Housing and Planning Bill

ALL PARTY PARLIAMENTARY GROUP GYPSIES TRAVELLERS ROMA (HPB 87)

Submission to the Public Bill Committee Housing and Planning Bill 2015

Section 84 of the Housing and Planning Bill 2015 proposes deleting Sections 225 and 226 of the 2004 Housing Act, whereby councils are obliged to conduct a Gypsy and Traveller Accommodation Needs Assessment (GTAA) (as required by section 8 of the Housing Act 1985), together with the guidance on how to undertake these studies. The intention is to incorporate the needs of Gypsies and Travellers within the general housing needs assessments.

Since August 31st 2015 , when the Government issued its revised "Planning Policy for Travellers" there is a new requirement on local authorities to plan separately for those who come within the revised planning definition [1] and those needing caravan accommodation – many of whom will be ethnic Gypsies and Travellers. It has become is apparent that already this is starting to result in confusion and uncertainty for local authorities about whether they would be required to assess the needs of Gypsies and Travellers within and outside the new planning definition. How will they tell the difference between who is a Traveller and who is not? In practice, some families will move in and out of the definition.

The planning changes above, coupled with the proposed provisions in the Housing and Planning Bill 2015 make for a complex, confusing system. Most local authorities will already have done their housing need assessments and they will not include the needs of Gypsy-Travellers. If the current requirement for specific GTAAs is removed it is not clear how or when local authorities will update their housing need assessments to include Travellers. What safeguards will be put in place to ensure a robust evidence base for local authorities? There could be resource implications resulting in further delays and whilst local authorities try to address the problems, Travellers will still have to live somewhere. If, as it appears, the Government’s aim is to reduce the number of unauthorised encampments the changes are unlikely to be successful.

Rather, the measures are counter-productive. Living by the road-side is no longer safe or possible. There is a great shortage of legal sites, traditional stopping places are closed and the police move people on, so the neighbouring local authority then also has to move them on. People need a secure base to earn a living, and access health care and education. Some local authorities in England have recognized this, and are taking steps to address immediate issues. Notably, in 2008/9 Leeds City Council in partnership with a local Gypsy and Traveller organization, conducted a full GTAA This resulted in realistic figures for the need for new pitches and it also recognized the likely figure for families stopping on the roadside at any one time. The Negotiated Stopping Places initiative has by the councils own admission saved around £2000 every week on previous costs since initiating the policy. [2]   Perhaps the best measure of the softer ‘community cohesion ’ outcomes has been the lack of inflammatory rep orting in local media and by some local politicians.  The policy has gained explicit support from a wide range of stakeholders including local businesses, local councillors, local authority officers, the Police, Gypsy and Traveller families, health and education providers.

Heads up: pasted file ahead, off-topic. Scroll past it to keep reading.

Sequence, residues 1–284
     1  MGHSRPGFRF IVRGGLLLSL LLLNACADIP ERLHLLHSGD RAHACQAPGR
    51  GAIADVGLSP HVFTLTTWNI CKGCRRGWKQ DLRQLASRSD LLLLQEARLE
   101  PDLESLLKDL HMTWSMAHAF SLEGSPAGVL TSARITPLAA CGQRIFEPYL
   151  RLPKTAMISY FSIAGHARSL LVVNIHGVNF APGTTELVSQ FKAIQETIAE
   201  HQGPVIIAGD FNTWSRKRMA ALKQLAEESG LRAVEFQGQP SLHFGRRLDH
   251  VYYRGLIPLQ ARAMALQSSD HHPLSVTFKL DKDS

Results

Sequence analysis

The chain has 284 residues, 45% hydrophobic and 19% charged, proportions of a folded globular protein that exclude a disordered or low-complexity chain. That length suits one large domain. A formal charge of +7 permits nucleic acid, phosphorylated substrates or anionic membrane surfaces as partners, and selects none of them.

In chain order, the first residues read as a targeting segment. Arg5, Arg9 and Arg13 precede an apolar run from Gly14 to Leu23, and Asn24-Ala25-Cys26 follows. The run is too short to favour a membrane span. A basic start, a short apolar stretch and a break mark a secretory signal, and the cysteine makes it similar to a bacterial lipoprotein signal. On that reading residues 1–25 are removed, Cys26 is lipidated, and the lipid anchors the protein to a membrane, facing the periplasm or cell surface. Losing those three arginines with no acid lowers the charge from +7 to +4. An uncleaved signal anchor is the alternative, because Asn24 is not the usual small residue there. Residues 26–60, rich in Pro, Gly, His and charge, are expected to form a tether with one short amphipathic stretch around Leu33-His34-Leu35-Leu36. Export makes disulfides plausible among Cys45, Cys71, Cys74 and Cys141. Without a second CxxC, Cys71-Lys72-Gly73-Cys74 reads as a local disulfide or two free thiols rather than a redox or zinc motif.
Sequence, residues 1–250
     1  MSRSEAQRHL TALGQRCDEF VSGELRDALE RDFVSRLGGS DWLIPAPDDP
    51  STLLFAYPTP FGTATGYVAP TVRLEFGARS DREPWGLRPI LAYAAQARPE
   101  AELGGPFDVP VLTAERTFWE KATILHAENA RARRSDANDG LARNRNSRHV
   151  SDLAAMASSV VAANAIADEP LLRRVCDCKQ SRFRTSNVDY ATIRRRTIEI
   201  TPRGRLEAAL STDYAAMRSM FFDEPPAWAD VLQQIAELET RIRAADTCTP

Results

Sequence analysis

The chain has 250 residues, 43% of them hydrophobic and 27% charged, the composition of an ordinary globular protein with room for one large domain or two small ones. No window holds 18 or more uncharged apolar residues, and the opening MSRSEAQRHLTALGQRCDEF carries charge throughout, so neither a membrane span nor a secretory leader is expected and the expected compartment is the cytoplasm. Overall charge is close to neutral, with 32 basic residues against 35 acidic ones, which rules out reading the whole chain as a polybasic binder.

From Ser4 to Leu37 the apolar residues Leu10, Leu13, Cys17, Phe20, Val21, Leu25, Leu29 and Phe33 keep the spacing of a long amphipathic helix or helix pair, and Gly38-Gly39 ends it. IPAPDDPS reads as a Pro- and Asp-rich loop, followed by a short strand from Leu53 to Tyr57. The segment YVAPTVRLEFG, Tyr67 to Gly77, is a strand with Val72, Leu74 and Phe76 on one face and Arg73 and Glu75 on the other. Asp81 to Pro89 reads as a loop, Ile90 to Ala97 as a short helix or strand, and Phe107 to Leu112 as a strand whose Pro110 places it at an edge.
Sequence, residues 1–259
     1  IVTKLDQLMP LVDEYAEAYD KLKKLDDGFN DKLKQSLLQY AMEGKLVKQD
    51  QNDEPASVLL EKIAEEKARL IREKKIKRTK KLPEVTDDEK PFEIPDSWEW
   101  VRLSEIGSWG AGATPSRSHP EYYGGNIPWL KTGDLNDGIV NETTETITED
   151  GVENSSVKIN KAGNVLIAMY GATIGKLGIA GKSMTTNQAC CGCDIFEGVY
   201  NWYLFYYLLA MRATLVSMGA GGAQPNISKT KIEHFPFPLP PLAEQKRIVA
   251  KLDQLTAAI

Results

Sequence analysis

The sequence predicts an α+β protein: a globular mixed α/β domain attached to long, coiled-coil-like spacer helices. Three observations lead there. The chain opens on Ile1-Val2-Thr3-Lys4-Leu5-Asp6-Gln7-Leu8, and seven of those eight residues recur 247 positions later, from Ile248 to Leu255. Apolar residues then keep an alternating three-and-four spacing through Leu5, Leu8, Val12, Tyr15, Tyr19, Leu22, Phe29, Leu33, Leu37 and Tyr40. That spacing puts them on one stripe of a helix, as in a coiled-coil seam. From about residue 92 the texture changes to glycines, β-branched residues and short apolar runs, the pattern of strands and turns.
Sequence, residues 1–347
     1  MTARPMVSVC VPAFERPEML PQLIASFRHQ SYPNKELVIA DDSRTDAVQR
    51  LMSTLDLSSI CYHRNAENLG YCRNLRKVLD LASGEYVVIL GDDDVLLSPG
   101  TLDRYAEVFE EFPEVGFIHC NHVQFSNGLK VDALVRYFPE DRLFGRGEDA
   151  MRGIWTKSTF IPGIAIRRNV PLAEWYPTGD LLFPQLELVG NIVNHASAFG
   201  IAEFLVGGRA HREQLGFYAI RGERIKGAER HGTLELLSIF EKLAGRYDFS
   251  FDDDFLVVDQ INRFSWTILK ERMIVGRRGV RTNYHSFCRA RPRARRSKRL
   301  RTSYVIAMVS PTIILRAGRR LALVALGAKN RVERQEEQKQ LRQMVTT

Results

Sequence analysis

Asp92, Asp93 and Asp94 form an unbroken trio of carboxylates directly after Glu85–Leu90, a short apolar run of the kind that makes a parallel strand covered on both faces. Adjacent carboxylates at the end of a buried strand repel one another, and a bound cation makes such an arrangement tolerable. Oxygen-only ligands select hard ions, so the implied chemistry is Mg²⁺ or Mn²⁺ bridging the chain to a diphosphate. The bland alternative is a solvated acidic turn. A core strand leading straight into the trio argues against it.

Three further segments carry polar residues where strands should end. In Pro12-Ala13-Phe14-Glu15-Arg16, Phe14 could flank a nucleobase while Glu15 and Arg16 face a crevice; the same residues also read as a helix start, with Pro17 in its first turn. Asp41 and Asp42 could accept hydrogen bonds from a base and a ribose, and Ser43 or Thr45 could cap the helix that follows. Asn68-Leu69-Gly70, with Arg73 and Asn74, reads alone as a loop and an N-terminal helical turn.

We would urge the Committee to consider taking evidence from Leeds City Council in order to garner a broader picture of measures which could be usefully employed elsewhere and which would benefit both Travellers, councils and local people.

Finally we are seeking advice from the EHRC on whether they regard the Impact Assessment [3] accompanying the Act to be sufficiently robust when applied to Section 84 and further, whether the EHRC is concerned that any aspects of the proposed provision may offend domestic or international obligations .

November 2015


[1] https://www.gov.uk/government/uploads/system/uploads/attachment_data/file/457420/Final_planning_and_travellers_policy.pdf

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[2] http://www.yorkshireeveningpost.co.uk/news/latest-news/top-stories/3m-clean-up-bill-for-illegal-traveller-camps-but-leeds-is-winning-its-pitch-battle-1-7186789

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[3] http://www.parliament.uk/documents/impact-assessments/IA15-010.pdf

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[3] Housing and Planning Bill 2015

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[3] 84 Assessment of accommodation needs

[3] (1)In section 8 of the Housing Act 1985 (periodical review of housing needs), after subsection (2) insert—

[3] “(3)In the case of a local housing authority in England, the duty under 10subsection (1) includes a duty to consider the needs of people residing in or resorting to their district with respect to the provision of—

[3] (a) sites on which caravans can be stationed, or

[3] (b) places on inland waterways where houseboats can be moored.

[3] (4) In subsection (3)—

[3] “caravan” has the meaning given by section 29 of the Caravan Sites and Control of Development Act 1960;

[3] “ houseboat ” means a boat or similar structure designed or adapted for use as a place to live.””

[3] (2)In the Housing Act 2004 omit sections 225 and 226 (accommodation needs of gypsies and travellers).

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Prepared 26th November 2015